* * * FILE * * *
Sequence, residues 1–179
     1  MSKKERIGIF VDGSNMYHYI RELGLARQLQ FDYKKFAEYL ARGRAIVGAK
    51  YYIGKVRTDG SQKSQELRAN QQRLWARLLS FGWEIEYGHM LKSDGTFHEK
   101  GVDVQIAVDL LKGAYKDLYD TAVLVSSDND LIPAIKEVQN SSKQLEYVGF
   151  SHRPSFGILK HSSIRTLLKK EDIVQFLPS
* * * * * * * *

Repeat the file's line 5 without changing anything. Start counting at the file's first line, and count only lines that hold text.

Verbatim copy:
   151  SHRPSFGILK HSSIRTLLKK EDIVQFLPS